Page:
In his first major interview since being elected the first Black leader in Congress, the New York Democrat Hakeem Jeffries was asked what he thought of Kevin McCarthy, the Californian now seeking the votes to be speaker when Republicans take over the House next year.
“We serve in Congress together,” Jeffries said.
Then, CNN reported, the new House minority leader “stopped talking”.
Given the rancorous nature of US politics, particularly in the House of Representatives, Jeffries’ reluctance to speak warmly of his opponent, or even to comment at all, was not particularly surprising.
Pressed, he said: “I respect the fact that [McCarthy] is the current House Republican leader, and depending on what happens on 3 January, may be the next Republican speaker.”
McCarthy’s party took the House in last month’s midterm elections but not with the “red wave” many expected, the result a narrow majority and a would-be speaker at the mercy of the pro-Trump far-right.
Jeffries said: “It’s incredible to me that even at this point in time, as [Republicans are] on their way temporarily into the majority, they have not articulated a vision for addressing the economic concerns of the American people. It’s because there’s a real risk that the incoming Republican majority is being hijacked by the extremists who have grown in ranks.”
On Sunday, CNN asked Mike Lawler, a Republican congressman-elect from New York, a state where the party performed relatively well, if he would back McCarthy.
Lawler said: “We’re not going to be held hostage by a handful of members when the overwhelming majority of the conference is in full support of Kevin McCarthy.”
Speakers need only 218 votes, a simple majority, regardless of party lines. The longest such contest, concluding in February 1856, went through 133 ballots. Lawler said he would back McCarthy through numerous rounds if necessary.
“I will only be voting for Kevin McCarthy for speaker,” he said. “I know many of my colleagues within the conference feel the same way. This is potentially something that could come to a head, but I do think cooler heads will prevail and I do think on 3 January, Kevin will have the necessary votes to become speaker.”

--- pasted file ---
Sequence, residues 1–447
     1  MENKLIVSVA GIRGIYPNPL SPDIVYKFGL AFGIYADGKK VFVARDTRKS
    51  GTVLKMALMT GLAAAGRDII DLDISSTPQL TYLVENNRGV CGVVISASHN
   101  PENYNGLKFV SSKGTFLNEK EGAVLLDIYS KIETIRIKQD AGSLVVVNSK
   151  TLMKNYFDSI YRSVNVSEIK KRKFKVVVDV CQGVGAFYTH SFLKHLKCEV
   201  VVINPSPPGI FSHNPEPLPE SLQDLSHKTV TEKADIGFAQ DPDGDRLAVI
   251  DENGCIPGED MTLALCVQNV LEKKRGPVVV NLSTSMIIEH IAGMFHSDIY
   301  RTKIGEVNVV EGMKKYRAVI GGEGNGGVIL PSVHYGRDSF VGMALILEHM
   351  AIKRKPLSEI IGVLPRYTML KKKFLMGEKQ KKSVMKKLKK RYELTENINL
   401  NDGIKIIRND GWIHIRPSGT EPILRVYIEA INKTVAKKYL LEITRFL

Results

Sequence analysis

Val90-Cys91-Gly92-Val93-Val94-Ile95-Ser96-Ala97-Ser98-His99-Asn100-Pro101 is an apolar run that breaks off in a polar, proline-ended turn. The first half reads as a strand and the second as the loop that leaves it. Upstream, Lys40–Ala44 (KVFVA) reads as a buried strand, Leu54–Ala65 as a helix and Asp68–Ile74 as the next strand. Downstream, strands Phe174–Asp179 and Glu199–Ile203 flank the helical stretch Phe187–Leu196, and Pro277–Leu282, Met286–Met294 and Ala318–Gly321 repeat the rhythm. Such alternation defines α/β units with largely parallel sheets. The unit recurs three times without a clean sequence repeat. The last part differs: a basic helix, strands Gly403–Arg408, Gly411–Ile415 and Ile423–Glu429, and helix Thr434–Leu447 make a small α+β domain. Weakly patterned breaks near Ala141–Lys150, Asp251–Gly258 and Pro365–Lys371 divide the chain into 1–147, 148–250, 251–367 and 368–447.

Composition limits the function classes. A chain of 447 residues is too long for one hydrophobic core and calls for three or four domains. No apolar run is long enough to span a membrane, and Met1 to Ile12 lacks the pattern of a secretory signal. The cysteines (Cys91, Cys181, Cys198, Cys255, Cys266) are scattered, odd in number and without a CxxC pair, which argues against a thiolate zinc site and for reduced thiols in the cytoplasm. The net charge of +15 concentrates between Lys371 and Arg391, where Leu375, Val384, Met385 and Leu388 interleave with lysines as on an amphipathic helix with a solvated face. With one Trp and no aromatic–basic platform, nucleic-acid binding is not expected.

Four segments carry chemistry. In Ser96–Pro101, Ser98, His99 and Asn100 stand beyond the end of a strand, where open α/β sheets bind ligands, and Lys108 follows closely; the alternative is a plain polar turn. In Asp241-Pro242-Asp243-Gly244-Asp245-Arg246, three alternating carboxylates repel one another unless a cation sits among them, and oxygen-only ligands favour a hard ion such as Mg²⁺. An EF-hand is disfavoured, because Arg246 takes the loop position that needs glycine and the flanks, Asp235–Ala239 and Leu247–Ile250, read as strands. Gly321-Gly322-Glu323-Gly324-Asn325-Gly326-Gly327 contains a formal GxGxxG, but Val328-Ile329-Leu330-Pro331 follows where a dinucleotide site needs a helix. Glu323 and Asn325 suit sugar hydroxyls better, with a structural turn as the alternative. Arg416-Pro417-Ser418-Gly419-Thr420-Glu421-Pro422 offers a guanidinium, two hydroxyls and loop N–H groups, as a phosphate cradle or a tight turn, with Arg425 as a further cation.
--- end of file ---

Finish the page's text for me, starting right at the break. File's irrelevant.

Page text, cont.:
Also on Sunday, Jeffries told ABC’s This Week his mission would be “to find ways to work with Republicans whenever possible to get things done for the American people … but we will also oppose them when we must, particularly as it relates to any effort to go down this rabbit hole of unnecessary, unconscionable, unacceptable investigations of the administration.”
House Republicans have indicated targets for investigation will include Joe Biden and his son Hunter Biden, immigration policy and the House committee investigating Trump’s election subversion and the January 6 Capitol riot.
Jeffries said he had “not had any conversations with Republicans yet. We are in the process of organising as Democrats. They are in the process, of course, of organising as Republicans. But I look forward to those conversations, certainly.”
He was also asked about suggestions that a moderate Republican challenger to McCarthy might attract enough Democratic votes to become speaker. Jeffries hedged, saying, “I think the question right now is, what are the Republicans going to do?” Pressed on the matter, asked if the door was “still open” to such a scheme, he said: “Well, let’s see.”
Dave Joyce of Ohio, chair of the moderate Republican Governance Group, told ABC the right of his party had not suggested a plausible alternative to McCarthy.
“You can’t beat somebody with nobody,” he said. “And right now you hear, ‘We’re just not going to vote for Kevin.’ Well, who then? Kevin deserves the opportunity. And he has done the hard work that was necessary to bring together the majority.”
Joyce said that though a moderate Republican with Democratic support “probably would be a perfect resolution … so we could start moving forward”, he did not “see it happening … I think the Democrats are going to vote for Democrats, Republicans will vote for Republicans. And I think, at the end of the day, Kevin will be the next speaker of the House.”
In the Senate, Democrats held control even before the Georgia runoff on Tuesday which will decide if they continue to rely on the vote of the vice-president, Kamala Harris, or by a 51-49 majority.
In his CNN interview, Jeffries was asked about comments by Mitch McConnell, the Republican leader in the Senate, who this week called Jeffries “a past election denier” over remarks about the 2016 presidential election, the legitimacy of which he questioned because of Russian interference, and Donald Trump.
Jeffries said: “If McConnell wants to lean into the fact that I’ve been critical of Trump’s presidency – the overwhelming majority of the world is critical of Trump’s presidency. That didn’t seem to make a lot of sense to me. But he’ll do what he does, and I want to stay focused on fighting for the people.”